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New data systems arise in service of precision oncology

July 24, 2013

by Andy Koopmans

National Cancer Institute scientists recently released to the public the largest-ever database of sequenced cancer-related genetic variations. Known as the NCI-60 cell line collection, the database contains gene variants of type of cells responsible for nine different cancer types: ovary, colon, breast, lung, kidney, brain, leukemia and melanoma.

Making this database available to clinicians and investigators represents a major step toward the development of targeted, precision oncology and is expected to help speed the discovery of new drugs and better match patients with therapies.HIDRA

Fred Hutchinson Cancer Research Center is also currently at work on its own landmark database undertaking in the service of precision oncology: the Hutch Integrated Data Repository and Archive, or HIDRA.  

HIDRA is a collaborative effort across all Fred Hutchinson/University of Washington Cancer Consortium partner institutions to collect and integrate all pertinent data about clinical subjects into a robust, secure and extensible database. The goal is to enable physicians and investigators to learn from every patient served by any of the Cancer Consortium member institutions and to integrate that knowledge back into clinical care and research to benefit patients.

“Historically we treated cancers by the part of the body affected but now we’re classifying cancer molecularly,” said Paul Fearn, Biomedical Informatics lead at Fred Hutch. “There could be several cancers related to one genetic variation. Now, imagine being able to look across every single instance of an expressed gene in every single person who’s come through the door. That would be the holy grail of precision oncology. That’s what HIDRA is intended to be.”

HIDRA will be able to match patients to care pathways and clinical trials that offer the best treatment options, allow investigators to ask previously difficult-to-answer questions and make unexpected connections from seemingly trivial case notes that might be otherwise overlooked.

Additionally, HIDRA is intended to help automate the collection of long-term follow-up care data to track patients’ health once they leave treatment. “The idea is that nobody and no important information falls through the cracks,” Fearn said.

HIDRA’s four-tiered plan

HIDRA is a four-tiered project, with each goal-specific tier rolling out over a five-year timeline.

  • Tier 1, begun in early FY ‘13, will create a secure and extensible data “pipeline” to collect, move and store approximately 150,000 historical Cancer Consortium clinical records in their various formats (for example, forms, doctors’ notes, biosampling data), with records from up to 5,000 to 6,000 new patients to be added each year. The data collected will include patient stories and clinical histories, related samples and biospecimen data, information regarding trials and studies in which the patient has participated, and genomic assay data.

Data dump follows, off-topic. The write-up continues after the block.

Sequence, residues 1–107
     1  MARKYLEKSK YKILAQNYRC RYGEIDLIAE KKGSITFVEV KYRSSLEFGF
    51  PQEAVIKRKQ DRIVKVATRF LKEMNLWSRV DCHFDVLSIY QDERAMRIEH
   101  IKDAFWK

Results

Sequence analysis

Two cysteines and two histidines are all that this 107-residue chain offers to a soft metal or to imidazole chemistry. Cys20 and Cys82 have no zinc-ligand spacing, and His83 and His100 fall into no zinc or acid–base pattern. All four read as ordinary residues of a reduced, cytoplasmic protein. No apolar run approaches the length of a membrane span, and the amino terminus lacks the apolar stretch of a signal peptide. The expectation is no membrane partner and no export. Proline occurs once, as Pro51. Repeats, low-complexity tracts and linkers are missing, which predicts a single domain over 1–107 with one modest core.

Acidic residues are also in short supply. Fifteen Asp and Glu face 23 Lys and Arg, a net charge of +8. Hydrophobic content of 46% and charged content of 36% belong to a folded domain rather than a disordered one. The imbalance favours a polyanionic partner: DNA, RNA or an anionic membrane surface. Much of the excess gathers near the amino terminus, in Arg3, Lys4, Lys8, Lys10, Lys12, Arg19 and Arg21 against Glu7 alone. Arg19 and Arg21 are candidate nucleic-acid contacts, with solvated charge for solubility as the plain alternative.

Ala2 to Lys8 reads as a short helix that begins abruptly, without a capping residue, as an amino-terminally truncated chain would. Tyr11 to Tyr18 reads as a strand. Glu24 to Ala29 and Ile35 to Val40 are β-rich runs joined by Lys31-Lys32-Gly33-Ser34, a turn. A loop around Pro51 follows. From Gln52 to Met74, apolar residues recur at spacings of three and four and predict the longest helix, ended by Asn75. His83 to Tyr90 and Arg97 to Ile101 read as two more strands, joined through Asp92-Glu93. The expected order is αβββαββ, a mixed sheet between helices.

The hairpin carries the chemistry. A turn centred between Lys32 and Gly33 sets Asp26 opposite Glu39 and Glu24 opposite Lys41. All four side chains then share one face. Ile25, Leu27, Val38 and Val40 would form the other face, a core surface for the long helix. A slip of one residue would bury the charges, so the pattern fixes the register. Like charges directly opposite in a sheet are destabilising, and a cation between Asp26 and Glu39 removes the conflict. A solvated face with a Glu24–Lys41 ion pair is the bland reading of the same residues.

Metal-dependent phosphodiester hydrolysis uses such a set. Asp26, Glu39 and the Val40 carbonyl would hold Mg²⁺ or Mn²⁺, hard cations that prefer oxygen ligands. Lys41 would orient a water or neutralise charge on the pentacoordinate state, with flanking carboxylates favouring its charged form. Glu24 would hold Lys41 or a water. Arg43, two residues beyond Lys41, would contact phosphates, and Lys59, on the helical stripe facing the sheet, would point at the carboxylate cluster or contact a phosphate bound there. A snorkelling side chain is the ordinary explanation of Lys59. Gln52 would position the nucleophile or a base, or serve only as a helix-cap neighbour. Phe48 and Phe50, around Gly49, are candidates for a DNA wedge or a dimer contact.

• Tier 2, currently in the design phase, will implement natural language processing algorithms to extract important data elements from electronic medical records and compile them into uniform, searchable data while minimizing human effort and potential error or variability.
  • Tier 3 will tackle enterprise-wide tracking of consent and study information so that patient data confidentiality is maintained when integrating assays and other data from research protocols.
  • Tier 4 will make it possible to index and search across both clinical and research data using HIDRA and access any relevant related data (such as all instances of a cancer-causing genetic variation) from across the entire enterprise.

Unique and powerful

HIDRA is intended to be more than just a data warehouse. Several features will make it a unique and powerful resource for Cancer Consortium investigators.            

  • HIDRA will be based on open-source, freely-licensed software that allows the entire biomedical community to adopt and improve it. This means that it will be affordable to everyone who wants to use it, even those who study rare cancers who may not have the funding for proprietary or custom software.
  • HIDRA will be secure. The current scope of the project is limited to Cancer Consortium partner data, and it will be built to withstand audit in compliance with the Federal Internet Security Management Act.
  • HIDRA will save time and money. Use of natural language processing will allow HIDRA to automate the cumbersome tasks of manual data abstraction and processing of medical records, which represents a large cost savings, as the majority of clinical research budgets typically go toward these processes when done manually.
  • HIDRA will provide automation for tracking of patients for long-term follow-up after they receive treatment, which can be a prohibitively expensive, labor-intensive task if done without automation. For example, periodic emails can be sent to former patients pointing them to a web form where they can enter data about their current state of health and outcomes after cancer treatment. This information can then be used to enlighten current treatments for others as well as maintain a better clinical relationship with those patients.

“We aim to be the top cancer center in the country in terms of our ability to leverage all of the data generated in clinics and laboratories across the Cancer Consortium, and I think with this team and strategy, we can get there,” Fearn said.

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